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Posts Tagged ‘book titles

“Judging books by their covers is seriously underrated”*…

 

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How to Poo on a Date has won the 36th annual Diagram Prize for Oddest Book Title of the Year.

The book, by Mats & Enzo, published by Prion Press, topped a public vote to find the oddest title, in one of the closest contests in prize history. In the end, How to Poo on a Date: The Lovers’ Guide to Toilet Etiquette, took home the title with 30% of the vote, beating into second place Are Trout South African? by Duncan Brown (Pan South Africa) andThe Origin of Feces by David Waltner-Toews (ECW Press), which both captured 23% of voters.

The rest of the shortlist [pictured above] was made up of early frontrunner Working Class Cats: The Bodega Cats of New York City by Chris Balsiger ands Erin Canning (One Peace Books), with 14%; Pie-ography: Where Pie Meets Biography by Jo Packham (Quarry) with 6%; and How to Pray When You’re Pissed at God by Ian Punnett (Harmony Books), with 4% of the votes…

Previous titles from Mats & Enzo, How to Poo on HolidayHow to Poo at Work and How to Bonk at Work, were all previously nominated for the prize. Tom Tivnan, features and  insight editor at The Bookseller, and Diagram Prize administrator, said: “The two were in danger of becoming perpetual Diagram bridesmaids, like Beryl Bainbridge and the Booker.”

He added: “In recent years, Diagram Prize voters have showed their catholic tastes by selecting rarefied food science titles (The 2009–2014 World Outlook for 60-milligram Containers of Fromage Frais, 2008), zoological studies (Bombproof Your Horse, 2004), and highbrow experimental literature (The Big Book of Lesbian Horse Stories, 2003). Yet after Mats and Enzo’s win this year, with The Origin of Feces on the shortlist, and Saiyuud Diwong’s Cooking with Poo taking the crown in 2011, an all too-clear trend emerges. Diagram devotees have spoken, and spoken in no uncertain terms: poo wins prizes.”

No prize other than the honour of the win is traditionally given to the winner of the Diagram, which was founded as a way of relieving boredom at the Frankfurt Book Fair by Diagram Group co-founders Trevor Boundford and Bruce Robertson in 1978.

Readers can read the full release at The Bookseller, and can follow (Roughy) Daily’s coverage of earlier year’s competitions here and here.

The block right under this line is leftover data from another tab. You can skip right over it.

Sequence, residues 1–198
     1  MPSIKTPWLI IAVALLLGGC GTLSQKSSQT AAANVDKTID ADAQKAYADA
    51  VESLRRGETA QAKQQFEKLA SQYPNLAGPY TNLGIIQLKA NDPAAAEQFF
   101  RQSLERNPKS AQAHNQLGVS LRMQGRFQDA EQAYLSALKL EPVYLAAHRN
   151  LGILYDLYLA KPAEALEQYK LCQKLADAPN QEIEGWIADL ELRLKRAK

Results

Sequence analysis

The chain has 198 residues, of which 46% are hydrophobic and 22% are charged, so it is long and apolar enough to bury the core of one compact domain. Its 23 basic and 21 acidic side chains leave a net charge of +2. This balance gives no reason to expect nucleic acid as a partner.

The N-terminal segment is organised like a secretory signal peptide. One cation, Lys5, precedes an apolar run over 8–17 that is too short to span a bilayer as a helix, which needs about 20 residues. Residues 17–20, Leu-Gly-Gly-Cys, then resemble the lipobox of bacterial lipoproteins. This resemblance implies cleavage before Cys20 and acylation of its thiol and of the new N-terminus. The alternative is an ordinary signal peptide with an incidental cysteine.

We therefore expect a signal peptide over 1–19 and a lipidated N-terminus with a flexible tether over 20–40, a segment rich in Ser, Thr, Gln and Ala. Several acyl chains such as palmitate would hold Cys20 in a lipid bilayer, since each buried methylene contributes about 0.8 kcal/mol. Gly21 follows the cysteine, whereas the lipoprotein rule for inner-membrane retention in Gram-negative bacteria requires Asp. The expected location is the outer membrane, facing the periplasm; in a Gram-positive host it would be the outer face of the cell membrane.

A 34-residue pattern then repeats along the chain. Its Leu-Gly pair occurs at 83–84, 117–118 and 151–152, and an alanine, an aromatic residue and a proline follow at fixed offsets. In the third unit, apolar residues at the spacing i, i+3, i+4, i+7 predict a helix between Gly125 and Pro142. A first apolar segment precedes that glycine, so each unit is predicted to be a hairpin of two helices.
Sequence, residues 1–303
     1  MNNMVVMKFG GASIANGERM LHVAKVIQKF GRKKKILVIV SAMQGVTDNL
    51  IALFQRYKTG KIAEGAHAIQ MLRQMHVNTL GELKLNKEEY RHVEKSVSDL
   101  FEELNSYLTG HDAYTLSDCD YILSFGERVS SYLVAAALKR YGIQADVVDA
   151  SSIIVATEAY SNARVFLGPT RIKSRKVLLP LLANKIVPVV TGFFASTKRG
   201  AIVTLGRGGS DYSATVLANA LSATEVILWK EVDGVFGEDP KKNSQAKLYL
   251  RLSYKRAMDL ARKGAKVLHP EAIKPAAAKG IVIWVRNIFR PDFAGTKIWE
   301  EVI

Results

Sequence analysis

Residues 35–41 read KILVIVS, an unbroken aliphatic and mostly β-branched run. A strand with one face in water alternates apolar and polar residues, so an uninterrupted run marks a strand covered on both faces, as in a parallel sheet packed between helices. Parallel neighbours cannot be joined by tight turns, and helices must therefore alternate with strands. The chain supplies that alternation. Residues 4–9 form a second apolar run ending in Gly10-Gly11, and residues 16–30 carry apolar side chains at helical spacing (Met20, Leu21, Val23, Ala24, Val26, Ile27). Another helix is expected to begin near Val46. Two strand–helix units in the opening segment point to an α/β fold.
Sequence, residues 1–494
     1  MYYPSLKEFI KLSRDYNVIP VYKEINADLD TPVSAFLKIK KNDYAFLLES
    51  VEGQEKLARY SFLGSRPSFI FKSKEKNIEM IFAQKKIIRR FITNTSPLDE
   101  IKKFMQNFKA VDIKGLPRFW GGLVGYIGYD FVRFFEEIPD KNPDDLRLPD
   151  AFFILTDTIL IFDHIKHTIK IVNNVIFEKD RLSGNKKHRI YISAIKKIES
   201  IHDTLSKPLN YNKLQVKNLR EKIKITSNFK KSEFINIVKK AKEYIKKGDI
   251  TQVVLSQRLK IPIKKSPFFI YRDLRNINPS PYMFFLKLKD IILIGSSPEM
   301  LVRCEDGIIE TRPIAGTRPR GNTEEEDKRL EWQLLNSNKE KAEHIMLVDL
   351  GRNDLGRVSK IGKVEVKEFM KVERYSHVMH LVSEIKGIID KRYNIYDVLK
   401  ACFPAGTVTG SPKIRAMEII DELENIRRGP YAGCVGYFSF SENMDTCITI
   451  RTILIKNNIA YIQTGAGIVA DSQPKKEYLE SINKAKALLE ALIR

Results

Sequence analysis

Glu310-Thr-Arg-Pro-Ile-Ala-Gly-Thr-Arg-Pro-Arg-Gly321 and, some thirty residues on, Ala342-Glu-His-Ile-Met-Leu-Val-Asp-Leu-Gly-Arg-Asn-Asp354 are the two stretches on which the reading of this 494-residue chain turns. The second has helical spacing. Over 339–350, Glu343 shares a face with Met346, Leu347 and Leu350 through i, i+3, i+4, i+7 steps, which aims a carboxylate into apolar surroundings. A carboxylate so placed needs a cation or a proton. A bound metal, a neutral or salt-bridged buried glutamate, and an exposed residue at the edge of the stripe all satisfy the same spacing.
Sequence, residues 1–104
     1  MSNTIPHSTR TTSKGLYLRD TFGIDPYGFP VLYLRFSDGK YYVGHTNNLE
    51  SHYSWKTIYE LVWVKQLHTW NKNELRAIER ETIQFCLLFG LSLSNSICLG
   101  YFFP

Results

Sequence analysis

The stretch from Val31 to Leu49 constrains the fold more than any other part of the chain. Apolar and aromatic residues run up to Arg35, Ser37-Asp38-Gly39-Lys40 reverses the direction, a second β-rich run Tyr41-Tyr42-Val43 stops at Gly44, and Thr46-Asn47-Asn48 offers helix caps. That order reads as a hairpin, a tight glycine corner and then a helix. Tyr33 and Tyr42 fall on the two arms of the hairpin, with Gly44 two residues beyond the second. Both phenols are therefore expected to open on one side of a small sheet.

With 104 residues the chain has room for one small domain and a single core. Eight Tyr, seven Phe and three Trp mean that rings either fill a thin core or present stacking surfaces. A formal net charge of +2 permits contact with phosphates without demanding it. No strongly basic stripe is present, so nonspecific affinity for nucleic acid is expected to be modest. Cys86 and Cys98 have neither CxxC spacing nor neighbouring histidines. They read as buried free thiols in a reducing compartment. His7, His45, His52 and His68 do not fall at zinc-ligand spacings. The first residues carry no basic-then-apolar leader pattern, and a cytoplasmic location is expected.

* Amy Smith, All Roads Lead to Austen: A Yearlong Journey with Jane

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As we load up our Kindles, we might send fabulous birthday greetings to Hans Christian Andersen; he was born on this date in 1805.  A prolific writer of plays, travelogues, novels, and poems, he is best remembered for his (often curiously-titled) fairy tales.  Those tales– which include “The Princess and the Pea,” “The Ugly Duckling,” “Thumbelina,” “The Little Mermaid,” and “The Emperor’s New Clothes”– have inspired plays, ballets, and both live-action and animated films.

In Andersen’s honor this date– his birthday– is celebrated as International Children’s Book Day.

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Judging books by their covers, Part Two…

From our old friends at Abe Books, “The Weird Book Room,” where readers will find the title above, and such volumes as…

More incredible incunabulae in “The Weird Book Room.”  [Part One is here.]

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As we refold our fly leaves, we might send sympathetic birthday wishes to John Clare; he was born on this date in 1793.  Clare’s first volume of poetry, Poems Descriptive of Rural Life and Scenery (1820) brought him overnight fame. But his later collections were never as popular, and financial problems ruined his health. He spent the final 23 years of his life in an asylum, writing poetry that has led modern critics to regard him as one of the most important 19th-century English poets.

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Written by LW

July 13, 2012 at 1:01 am

“First Impressions”…

… was the tentative title with which Jane Austen worked before she settled on Pride and Prejudice.